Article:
Aveni coauthors paper detailing new Mayan calendar

Originally posted: May 11, 2012

Portion of lunar table, Structure 10K-2, Xultun.

Portion of a lunar table, Structure 10K-2, from Xultun, Guatemala. (Image by W. Saturno, drawing by D. Stuart)

A paper coauthored by Colgate professor Tony Aveni and published today in Science might put a damper on any plans by  Hollywood to capitalize on theories about the world coming to an end in 2012.

The paper details the discovery and excavation of a home in Xultún, Guatemala, and a “wall painting accompanied by a numerical table and a series of long numbers that appear to have functioned like those found in astronomical tables in the codices discovered the earliest known Mayan calendar.”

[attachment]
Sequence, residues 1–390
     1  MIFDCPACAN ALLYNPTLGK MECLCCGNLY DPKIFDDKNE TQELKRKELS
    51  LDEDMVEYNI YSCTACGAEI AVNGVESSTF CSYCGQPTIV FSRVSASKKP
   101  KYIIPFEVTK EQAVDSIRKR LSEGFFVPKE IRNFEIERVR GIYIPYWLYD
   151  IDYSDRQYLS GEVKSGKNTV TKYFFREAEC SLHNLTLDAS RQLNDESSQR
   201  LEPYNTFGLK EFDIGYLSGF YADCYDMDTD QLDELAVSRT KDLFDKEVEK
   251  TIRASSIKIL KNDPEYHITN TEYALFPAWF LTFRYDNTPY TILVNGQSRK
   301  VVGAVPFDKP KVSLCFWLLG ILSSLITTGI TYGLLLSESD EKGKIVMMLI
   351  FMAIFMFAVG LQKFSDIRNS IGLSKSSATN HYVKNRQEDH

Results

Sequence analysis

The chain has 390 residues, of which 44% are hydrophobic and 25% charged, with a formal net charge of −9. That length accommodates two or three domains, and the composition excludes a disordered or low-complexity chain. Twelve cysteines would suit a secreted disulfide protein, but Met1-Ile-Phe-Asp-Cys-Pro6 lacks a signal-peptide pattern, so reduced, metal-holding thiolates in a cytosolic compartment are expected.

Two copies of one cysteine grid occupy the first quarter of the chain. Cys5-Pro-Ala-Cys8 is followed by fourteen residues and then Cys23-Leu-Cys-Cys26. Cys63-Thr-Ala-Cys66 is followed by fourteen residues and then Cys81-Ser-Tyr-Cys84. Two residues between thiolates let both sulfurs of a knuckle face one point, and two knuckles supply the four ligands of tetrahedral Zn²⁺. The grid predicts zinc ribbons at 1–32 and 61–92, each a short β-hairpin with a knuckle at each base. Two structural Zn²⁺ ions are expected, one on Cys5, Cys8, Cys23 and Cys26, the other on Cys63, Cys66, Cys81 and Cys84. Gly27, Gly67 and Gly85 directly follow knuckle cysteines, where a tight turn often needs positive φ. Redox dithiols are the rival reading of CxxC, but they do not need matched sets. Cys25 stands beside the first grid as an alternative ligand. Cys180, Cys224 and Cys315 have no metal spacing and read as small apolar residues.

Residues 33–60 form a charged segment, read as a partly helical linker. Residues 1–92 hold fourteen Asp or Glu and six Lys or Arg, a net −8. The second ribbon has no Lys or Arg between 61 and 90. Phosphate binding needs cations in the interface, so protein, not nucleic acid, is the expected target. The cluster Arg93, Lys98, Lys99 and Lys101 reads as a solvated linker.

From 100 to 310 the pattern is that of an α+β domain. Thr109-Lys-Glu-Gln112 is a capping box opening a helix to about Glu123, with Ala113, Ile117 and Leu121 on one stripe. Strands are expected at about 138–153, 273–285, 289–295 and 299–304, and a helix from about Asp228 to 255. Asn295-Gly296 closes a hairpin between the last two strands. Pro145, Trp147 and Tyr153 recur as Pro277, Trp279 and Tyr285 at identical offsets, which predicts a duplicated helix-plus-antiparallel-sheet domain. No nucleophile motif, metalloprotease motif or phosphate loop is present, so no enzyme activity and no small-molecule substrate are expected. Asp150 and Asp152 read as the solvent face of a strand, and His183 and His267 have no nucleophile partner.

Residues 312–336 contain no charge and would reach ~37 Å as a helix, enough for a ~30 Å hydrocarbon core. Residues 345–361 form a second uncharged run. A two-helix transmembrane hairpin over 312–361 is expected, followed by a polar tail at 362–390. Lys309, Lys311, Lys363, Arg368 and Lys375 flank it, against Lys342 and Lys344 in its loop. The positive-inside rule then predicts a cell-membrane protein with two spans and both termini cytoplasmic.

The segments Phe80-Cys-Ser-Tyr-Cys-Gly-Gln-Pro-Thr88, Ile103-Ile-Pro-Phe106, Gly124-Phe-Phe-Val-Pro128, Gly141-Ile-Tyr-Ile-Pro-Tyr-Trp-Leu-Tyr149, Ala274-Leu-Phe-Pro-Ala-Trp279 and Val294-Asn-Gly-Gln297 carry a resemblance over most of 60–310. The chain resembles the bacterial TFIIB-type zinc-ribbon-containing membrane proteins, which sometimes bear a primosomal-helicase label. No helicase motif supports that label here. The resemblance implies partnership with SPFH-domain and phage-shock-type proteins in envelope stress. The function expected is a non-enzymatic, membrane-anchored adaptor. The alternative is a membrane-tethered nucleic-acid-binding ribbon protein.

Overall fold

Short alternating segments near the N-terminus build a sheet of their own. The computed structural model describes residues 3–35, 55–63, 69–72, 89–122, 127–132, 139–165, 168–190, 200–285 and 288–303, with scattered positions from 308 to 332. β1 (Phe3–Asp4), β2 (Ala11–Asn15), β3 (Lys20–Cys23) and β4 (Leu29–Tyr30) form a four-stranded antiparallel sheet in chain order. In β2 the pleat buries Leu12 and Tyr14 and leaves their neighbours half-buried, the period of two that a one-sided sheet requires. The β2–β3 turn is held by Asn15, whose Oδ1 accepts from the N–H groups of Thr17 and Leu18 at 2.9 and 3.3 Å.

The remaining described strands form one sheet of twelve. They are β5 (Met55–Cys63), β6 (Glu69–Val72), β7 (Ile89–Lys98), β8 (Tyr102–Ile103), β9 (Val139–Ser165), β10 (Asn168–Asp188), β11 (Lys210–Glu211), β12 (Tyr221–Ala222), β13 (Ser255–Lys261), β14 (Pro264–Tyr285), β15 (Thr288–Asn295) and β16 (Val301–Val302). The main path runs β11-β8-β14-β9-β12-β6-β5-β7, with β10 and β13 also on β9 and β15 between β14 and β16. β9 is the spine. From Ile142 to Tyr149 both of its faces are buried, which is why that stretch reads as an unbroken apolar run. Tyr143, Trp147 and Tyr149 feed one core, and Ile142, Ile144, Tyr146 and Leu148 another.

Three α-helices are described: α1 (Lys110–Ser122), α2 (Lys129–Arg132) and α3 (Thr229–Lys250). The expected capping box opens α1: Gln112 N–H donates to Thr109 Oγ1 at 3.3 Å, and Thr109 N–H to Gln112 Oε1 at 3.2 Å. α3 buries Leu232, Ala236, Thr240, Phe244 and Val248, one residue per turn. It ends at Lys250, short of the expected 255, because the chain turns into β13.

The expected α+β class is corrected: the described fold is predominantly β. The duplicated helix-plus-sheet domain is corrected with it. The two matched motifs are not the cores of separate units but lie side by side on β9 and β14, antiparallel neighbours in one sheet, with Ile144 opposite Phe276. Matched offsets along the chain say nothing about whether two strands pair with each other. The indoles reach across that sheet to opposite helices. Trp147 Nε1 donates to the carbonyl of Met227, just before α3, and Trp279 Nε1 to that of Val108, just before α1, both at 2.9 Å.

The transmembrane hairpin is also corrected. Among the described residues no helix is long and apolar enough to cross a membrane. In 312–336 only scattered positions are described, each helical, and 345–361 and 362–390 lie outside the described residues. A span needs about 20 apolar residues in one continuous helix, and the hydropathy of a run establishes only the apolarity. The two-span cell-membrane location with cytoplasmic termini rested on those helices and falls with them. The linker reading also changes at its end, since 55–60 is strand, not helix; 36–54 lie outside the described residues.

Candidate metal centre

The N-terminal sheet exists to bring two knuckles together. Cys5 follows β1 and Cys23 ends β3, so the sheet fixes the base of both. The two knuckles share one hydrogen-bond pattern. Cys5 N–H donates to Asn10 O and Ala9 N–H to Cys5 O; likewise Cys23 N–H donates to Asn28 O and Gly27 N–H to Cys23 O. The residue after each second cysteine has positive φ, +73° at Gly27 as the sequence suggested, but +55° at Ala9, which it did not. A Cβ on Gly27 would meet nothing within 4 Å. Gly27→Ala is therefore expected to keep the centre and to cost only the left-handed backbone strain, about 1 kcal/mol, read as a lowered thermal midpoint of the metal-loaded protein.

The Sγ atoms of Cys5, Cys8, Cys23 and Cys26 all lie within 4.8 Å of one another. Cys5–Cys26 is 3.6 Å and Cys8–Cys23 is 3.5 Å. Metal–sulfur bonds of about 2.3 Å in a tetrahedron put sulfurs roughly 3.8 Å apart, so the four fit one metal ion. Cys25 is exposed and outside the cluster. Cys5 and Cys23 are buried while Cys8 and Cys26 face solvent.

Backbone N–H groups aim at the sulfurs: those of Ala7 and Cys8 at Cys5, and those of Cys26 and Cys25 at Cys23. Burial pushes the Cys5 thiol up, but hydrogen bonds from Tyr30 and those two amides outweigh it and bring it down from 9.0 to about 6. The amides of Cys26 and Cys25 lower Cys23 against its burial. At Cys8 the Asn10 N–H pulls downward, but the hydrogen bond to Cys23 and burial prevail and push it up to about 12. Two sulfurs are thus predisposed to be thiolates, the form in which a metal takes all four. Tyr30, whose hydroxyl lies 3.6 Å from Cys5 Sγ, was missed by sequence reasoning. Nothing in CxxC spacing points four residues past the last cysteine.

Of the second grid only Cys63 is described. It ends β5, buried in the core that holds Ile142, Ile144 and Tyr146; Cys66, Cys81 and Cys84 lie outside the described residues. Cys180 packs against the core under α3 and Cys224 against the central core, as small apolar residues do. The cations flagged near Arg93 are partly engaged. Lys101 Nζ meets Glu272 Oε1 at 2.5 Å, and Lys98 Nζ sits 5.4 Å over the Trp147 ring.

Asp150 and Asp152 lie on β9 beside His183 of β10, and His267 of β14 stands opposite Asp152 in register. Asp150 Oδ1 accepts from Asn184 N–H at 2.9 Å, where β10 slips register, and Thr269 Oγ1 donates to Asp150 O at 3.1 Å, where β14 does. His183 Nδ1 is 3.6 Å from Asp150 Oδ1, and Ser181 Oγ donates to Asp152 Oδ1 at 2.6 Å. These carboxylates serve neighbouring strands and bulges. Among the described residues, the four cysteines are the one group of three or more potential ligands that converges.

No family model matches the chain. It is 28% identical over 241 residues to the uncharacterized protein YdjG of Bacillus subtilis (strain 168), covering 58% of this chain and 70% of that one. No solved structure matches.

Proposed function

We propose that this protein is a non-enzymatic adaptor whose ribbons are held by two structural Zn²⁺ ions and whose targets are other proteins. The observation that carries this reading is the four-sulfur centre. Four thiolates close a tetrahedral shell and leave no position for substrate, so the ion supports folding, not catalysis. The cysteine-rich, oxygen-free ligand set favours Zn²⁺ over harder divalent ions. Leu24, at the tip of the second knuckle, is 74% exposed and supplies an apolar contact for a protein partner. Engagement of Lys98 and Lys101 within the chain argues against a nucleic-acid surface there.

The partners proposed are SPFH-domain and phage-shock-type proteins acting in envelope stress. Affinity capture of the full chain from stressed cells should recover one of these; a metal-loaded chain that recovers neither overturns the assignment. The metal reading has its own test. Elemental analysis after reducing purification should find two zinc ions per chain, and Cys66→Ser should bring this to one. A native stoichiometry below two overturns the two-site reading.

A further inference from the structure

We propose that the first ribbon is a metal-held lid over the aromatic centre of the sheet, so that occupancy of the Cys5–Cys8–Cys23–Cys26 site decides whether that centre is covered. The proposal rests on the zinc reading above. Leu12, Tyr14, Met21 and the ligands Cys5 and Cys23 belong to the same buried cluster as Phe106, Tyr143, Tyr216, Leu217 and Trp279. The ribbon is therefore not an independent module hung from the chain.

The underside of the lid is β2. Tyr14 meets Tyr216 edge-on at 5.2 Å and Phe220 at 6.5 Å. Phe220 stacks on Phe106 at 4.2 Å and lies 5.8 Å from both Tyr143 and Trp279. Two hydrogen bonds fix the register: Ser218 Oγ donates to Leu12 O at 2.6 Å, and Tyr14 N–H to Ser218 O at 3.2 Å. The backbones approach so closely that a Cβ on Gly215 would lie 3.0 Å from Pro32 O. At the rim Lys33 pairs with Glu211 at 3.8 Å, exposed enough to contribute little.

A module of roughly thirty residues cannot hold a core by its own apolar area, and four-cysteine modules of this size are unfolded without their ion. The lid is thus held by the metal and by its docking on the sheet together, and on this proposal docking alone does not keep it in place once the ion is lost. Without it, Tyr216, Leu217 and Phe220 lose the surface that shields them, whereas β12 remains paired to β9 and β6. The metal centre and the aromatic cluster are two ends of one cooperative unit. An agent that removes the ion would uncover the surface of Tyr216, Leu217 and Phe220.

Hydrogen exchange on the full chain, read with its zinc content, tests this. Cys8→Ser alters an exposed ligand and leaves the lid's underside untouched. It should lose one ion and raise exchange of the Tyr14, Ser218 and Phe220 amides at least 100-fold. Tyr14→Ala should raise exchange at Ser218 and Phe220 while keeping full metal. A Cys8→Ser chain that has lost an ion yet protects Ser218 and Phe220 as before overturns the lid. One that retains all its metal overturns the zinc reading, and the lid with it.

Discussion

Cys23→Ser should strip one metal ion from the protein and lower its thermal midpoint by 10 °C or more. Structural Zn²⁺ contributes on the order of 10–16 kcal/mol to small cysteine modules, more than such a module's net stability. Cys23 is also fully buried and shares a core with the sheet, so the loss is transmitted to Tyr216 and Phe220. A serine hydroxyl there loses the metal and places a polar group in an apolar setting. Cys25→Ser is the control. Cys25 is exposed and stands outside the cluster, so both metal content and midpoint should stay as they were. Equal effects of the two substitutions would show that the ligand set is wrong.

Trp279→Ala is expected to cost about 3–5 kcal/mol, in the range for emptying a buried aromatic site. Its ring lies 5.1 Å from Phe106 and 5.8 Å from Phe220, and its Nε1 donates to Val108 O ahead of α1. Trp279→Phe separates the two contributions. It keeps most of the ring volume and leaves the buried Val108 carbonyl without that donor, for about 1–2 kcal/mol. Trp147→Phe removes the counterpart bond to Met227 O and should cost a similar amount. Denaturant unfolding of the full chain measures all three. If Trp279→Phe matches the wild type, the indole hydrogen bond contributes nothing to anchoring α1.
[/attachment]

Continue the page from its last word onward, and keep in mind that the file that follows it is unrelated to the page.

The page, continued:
Portion of a lunar table, Structure 10K-2, from Xultun, Guatemala. (Image by W. Saturno, drawing by D. Stuart)

In a discussion about the paper, Aveni explained that the new calendar offers no hint that the world’s end is imminent – this is just the beginning of another cycle.

“It’s like the odometer of a car, with the Maya calendar rolling over from the 120,000s to 130,000. The car gets a step closer to the junkyard as the numbers turn over; the Maya just start over,” he said.

Will this widely reported story stop the end-of-the-world conspiracies and any future Hollywood movies like 2012?

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